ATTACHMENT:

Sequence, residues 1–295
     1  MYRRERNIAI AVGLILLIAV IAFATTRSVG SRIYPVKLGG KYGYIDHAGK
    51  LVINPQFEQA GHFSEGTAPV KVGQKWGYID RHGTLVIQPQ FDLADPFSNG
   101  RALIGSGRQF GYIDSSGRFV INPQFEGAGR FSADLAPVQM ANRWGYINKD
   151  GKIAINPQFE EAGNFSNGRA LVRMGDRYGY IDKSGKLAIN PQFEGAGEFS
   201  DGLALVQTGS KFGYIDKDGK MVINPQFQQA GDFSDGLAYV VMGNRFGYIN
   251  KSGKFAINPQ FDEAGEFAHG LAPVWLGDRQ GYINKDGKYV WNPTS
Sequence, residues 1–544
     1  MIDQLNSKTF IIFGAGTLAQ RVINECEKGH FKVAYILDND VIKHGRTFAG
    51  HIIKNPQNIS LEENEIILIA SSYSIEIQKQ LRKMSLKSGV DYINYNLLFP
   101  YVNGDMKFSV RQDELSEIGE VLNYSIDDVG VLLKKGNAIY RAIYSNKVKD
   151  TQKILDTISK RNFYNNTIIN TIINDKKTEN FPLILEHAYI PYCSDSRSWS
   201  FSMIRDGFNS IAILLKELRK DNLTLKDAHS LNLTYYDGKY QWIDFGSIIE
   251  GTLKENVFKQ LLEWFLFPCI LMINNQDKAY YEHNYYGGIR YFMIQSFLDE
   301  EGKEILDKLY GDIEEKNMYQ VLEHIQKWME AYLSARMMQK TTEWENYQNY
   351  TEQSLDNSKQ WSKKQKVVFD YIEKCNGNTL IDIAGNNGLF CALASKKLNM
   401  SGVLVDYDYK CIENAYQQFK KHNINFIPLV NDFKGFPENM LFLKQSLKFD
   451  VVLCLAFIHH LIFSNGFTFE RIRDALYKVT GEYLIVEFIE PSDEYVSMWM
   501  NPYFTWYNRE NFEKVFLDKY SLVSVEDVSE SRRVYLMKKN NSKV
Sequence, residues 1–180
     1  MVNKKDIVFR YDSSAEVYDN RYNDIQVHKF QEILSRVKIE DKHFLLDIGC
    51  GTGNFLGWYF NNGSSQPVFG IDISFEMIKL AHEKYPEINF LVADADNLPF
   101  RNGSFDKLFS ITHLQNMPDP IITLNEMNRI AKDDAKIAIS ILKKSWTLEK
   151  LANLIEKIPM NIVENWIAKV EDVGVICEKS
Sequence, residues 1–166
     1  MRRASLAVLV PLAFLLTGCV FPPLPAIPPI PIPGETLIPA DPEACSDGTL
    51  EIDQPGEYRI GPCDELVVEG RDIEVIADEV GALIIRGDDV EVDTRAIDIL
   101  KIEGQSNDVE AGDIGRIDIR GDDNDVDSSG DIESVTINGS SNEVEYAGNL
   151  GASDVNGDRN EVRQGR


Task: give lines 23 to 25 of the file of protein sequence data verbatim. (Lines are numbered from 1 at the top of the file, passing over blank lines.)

   101  RNGSFDKLFS ITHLQNMPDP IITLNEMNRI AKDDAKIAIS ILKKSWTLEK
   151  LANLIEKIPM NIVENWIAKV EDVGVICEKS
Sequence, residues 1–166